[Met Performance] CID:86330
Roméo et Juliette {130} Metropolitan Opera House: 02/11/1924.

(Review)


Metropolitan Opera House
February 11, 1924


ROMÉO ET JULIETTE {130}

Roméo...................Armand Tokatyan
Juliette................Amelita Galli-Curci
Frère Laurent...........Léon Rothier
Stéphano................Raymonde Delaunois
Mercutio................Gustav Schützendorf
Benvolio................Giordano Paltrinieri
Gertrude................Henriette Wakefield
Capulet.................William Gustafson
Tybalt..................Rafaelo Díaz
Pâris...................Millo Picco
Grégorio................Paolo Ananian
Duke of Verona..........Louis D'Angelo

Conductor...............Louis Hasselmans

Review of Henry T. Finck in the Post

'ROMEO AND JULIET' SUNG BY POOR CAST

Gounod's Mellifluous Opera on An Off Night at the Metropolitan

GALLI-CURCI AS JULIETTE

Three years ago Amelita Galli-Curci made her first appearance as Juliette in Gounod's glorious opera in this city. It was at the Manhattan were she appeared with the admirable Chicago Opera Company. It proved to be her best part. Never before, I wrote in my review of that performance, had I heard this popular singer approach so near to perfection in purity of intonation, limpid tone, phrasing and agility of execution. She was evidently inspired by having as her Romeo the great Muratore, the Jean de Reszke of our time. It does make a tremendous difference to a prima donna who is the tenor she associates with. Geraldine Farrar told me many a tale on that subject - usually a sad tale; for as she could fill the house always by the magic of her name and art, why waste a good tenor on the cast?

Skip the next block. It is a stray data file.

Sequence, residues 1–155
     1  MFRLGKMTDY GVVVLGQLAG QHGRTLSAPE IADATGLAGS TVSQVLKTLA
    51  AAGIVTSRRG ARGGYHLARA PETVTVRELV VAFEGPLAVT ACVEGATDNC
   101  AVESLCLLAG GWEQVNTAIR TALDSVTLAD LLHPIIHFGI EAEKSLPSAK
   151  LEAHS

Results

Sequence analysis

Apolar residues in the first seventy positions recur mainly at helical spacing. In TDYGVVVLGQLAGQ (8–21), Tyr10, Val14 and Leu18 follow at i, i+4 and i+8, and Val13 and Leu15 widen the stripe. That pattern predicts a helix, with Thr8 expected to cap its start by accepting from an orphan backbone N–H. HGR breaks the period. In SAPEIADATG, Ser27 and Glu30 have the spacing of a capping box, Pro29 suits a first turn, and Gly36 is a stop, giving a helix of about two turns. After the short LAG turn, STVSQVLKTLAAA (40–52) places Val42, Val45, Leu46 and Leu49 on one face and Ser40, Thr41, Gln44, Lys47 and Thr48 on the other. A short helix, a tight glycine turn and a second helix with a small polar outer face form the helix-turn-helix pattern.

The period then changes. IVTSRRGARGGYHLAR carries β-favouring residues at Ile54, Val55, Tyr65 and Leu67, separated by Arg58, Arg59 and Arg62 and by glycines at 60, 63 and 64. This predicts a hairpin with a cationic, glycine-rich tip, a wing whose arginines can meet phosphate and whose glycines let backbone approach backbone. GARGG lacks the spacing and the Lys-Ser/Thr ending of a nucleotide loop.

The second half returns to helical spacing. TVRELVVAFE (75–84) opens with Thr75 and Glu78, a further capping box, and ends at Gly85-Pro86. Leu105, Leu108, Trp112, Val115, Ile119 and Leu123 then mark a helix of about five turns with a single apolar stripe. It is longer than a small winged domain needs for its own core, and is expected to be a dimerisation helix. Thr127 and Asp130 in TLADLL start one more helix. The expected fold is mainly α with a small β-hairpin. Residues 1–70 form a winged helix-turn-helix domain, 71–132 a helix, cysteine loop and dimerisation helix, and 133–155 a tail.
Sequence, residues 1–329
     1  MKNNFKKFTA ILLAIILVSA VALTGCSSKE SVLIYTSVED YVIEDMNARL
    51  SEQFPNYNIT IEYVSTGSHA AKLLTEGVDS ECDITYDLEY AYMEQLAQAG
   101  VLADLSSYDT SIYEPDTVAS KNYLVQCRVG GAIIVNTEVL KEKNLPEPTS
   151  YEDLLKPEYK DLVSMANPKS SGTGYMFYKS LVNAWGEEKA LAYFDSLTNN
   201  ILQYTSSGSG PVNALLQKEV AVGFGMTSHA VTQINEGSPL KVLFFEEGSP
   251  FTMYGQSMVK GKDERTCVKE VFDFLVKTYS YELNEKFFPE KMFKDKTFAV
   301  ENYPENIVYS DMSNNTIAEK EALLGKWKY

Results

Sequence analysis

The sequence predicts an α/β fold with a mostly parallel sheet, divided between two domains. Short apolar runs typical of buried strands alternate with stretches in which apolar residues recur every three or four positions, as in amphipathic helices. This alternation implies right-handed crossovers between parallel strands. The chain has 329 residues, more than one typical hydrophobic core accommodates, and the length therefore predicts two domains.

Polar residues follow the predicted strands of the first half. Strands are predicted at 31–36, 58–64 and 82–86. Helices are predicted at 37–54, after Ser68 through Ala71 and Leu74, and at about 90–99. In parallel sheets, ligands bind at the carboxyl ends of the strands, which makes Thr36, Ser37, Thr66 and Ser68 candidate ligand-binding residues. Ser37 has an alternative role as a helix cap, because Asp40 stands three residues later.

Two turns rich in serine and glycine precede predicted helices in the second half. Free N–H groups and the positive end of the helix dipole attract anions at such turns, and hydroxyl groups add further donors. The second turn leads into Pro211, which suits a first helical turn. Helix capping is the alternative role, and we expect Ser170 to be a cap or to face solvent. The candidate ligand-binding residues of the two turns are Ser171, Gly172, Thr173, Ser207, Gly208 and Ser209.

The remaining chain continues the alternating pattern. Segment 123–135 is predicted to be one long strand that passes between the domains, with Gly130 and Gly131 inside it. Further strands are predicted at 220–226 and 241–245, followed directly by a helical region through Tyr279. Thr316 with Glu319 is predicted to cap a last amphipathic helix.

Mr. Gatti-Casazza did his best to secure a good tenor for Galli-Curci last night. The American Muratore, Edward Johnson, was to have appeared, but as he cannot get rid of his throat trouble, he has been sent South for a few weeks. He will be heard later in the season. His place was taken by Mr. Tokatyan, who, for some reason or other, does not sing nearly as well as he did last season. What's the matter?

The cast included Raymonde Delaunois as Stephano, Henriette Wakefield as Gertrude, Rafaelo Diaz as Tybalt, Paltrinieri as Blenvolle, Schuützendorf as Mercutio, Picco as Paris, Ananian as Gregorio, Gustafson as Capulet, D'Angelo as the Duke, and Leon Rothier, who is always and excellent Friar. A glance at that cast suffices that there are in it three or four singers absolutely unable to sing the mellifluous melodies of Gounod. Awful were the sounds coming from their throats. One thought of a flock of crows, blue jays and guinea hens.

Even Mme. Galli-Curci could not make up for all this bad singing. She herself in fact, had an off-night, her voice not being at its best, nor under complete control as to pitch. But she sang, as always, like a born musician, with taste and expression; her valse was sung brilliantly and the balcony scene was acceptable. In this too, Tokatyan was better than he had been before.

A redeeming feature was the orchestra under Hasselmans, who evidently took delight in demonstrating to the audience how deliciously sweet a thing Gounod's "Romeo et Juliette" is. It reminds one of the sixty thousand acres of fragrant flowers near Grasse in the French Riviera. The audience was a very big one. If I am not mistaken Galli-Curci makes her last appearance this season on Friday afternoon in 'The Golden Cock."



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